The Women’s NSW Open is once again an integral part of the ALPG summer tournament schedule in 2019.
Ironically, there had never been a Women’s NSW Open before 2006, so when the NSW Government joined forced with Women’s Golf NSW to stage a women’s Championship, a new era in women’s Golf was set to begin.
The tournament was sanctioned by the ALPG Tour, and as a result, it attracted Rolex World Ranking points.
Oatlands Golf Club near Parramatta was the host venue for the event, and Bing Lee were the inaugural naming rights holder.
2006: Joanne Mills
2008: Dame Laura Davies (ENG)
2009-2010: Sarah Oh (NSW)
2011: Caroline Hedwall (SWE)
2012: Lydia Ko (am) (NZL)
2013: Caroline Hedwall (SWE)
2014: Joanna Klatten (FRA)
2015: Holly Clyburn (ENG)
2018: Meghan MacLaren (ENG)
The inaugural championship attracted a field of 60 professionals, and 40 elite amateurs Sarah Kemp, Nikki Garrett and 2006 ALPG Players Champion Rebecca Stevenson teed it up alongside tournament drawcard, 2006 Ladies Spanish Open winner Lynnette Brooky.
Joanne Mills won the inaugural event against fellow New South Wales pro Sarah Kemp following a five-hole playoff. The leading amateur was Haeji Kang from Queensland who finished T5th.
The event was moved from the 2007 calendar to January 2008 to make it a better fit with the MFS Women’s Australian Open and the ANZ Ladies Masters.
The move to January proved to be a winner. A strong field including a large number of Ladies European Tour (LET) players took part, and it became one of the qualifying events for the Karrie Webb Series. The prize pool also increased to $125,000.
The weather during the tournament week was wet, but it did little to dampen the ferocity of the competition between world number one and winner of 68 titles worldwide, Laura Davies (UK), and Oatlands Golf Club’s own Sarah Oh.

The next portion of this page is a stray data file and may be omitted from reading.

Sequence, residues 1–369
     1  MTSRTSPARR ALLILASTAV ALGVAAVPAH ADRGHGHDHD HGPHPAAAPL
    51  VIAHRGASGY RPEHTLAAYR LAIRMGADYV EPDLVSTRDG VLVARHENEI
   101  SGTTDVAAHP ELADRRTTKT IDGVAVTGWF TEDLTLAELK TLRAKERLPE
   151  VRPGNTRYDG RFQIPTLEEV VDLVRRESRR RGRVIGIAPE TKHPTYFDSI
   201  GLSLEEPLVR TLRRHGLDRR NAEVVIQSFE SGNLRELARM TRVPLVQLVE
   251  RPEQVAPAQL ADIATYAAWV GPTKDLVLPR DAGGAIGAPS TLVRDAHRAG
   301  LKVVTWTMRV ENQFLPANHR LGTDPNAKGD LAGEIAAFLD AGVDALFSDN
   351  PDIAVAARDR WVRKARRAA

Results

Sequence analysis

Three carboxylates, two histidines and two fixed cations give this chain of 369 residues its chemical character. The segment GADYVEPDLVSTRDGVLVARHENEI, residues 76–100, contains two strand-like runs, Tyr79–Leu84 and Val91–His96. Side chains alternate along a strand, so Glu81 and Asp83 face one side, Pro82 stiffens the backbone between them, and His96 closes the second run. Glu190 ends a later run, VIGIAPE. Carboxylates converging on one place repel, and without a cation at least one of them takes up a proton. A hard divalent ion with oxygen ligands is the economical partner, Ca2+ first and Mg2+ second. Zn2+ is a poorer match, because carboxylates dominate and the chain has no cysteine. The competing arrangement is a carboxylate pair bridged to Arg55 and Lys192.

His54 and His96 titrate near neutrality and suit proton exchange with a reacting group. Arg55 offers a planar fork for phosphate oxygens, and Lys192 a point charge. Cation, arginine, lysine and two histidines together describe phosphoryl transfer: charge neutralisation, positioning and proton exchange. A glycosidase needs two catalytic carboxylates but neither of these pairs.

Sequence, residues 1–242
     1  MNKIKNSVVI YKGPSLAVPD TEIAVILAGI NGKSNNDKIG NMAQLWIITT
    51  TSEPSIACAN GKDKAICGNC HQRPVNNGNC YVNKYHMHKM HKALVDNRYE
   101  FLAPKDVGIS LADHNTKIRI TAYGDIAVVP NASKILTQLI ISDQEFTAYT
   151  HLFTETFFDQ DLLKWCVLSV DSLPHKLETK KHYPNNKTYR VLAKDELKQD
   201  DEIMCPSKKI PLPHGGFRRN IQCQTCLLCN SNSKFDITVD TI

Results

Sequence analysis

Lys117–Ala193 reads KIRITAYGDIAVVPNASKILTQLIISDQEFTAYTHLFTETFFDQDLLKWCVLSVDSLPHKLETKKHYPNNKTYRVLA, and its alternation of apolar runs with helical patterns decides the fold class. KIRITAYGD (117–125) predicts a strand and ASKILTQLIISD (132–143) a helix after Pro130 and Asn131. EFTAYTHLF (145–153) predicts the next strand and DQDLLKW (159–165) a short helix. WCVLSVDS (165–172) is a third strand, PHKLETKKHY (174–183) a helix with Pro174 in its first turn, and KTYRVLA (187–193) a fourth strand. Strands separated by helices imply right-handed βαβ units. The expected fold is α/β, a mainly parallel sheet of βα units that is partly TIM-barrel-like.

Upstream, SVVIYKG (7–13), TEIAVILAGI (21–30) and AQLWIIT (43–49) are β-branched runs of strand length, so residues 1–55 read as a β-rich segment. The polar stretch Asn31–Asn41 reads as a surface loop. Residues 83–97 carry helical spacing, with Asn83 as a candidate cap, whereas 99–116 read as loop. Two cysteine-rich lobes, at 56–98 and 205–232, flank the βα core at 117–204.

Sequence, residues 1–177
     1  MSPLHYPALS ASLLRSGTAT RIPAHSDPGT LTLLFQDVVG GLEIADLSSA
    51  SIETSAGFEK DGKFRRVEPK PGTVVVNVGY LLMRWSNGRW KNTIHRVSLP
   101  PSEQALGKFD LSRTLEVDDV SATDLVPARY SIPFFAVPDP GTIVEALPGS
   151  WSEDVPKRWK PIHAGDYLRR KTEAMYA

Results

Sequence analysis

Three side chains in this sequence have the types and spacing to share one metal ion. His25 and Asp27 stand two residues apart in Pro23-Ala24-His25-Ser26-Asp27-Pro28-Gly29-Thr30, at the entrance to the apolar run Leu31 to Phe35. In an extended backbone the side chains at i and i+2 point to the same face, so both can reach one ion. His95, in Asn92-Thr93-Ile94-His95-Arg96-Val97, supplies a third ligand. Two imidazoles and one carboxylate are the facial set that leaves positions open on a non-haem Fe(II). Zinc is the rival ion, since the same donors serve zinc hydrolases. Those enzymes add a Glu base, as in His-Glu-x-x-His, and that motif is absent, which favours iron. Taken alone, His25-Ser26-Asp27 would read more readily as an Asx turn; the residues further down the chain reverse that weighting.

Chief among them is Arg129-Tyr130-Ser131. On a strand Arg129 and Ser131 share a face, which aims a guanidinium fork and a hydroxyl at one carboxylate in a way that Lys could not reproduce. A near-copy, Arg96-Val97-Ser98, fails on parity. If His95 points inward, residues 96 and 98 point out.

The competition between the two continued for three full rounds. Davies eventually defeated Oh by two shots. Leading amateur Jenny Lee, also from Oatlands, finished T7th with WA’s Kristy Smith.
The tournament attracted over 5,500 people to the golf course in 2009, with fans getting the rare opportunity to see elite women’s professional golf at an event fast gaining recognition as being truly international.
The weather was decidedly uncooperative, with temperatures topping out in the mid-forties. High winds lashed the course and defending champion Laura Davies narrowly missed being felled by a falling branch on the 15th.
This time Sarah Oh and Queensland’s Katherine Hull duelled one another for the crown. After finishing second to Davies the year prior, Oh finally grabbed her maiden NSW Open title, finishing three shots clear of Hull. The leading amateur winner was Julia Boland (NSW).
Wet weather played havoc in 2010 and play was halted during round two to allow the bunkers to drain. In a repeat of 2009, Sarah Oh defended her title from Katherine Hull once more. The winning margin this time was much closer, however, jets a single shot. The leading amateur was Stacey Keating of Victoria.
2011 was a showcase event for the newly merged entity known as Golf NSW. The men’s and women’s amateur golf associations had amalgamated in July 2010, and this was an opportunity to showcase the success of unifying the two state sporting bodies.
Caroline Hedwall from Sweden held on in a dramatic finish to win by a shot from a talented 13-year-old amateur from New Zealand called Lydia Ko.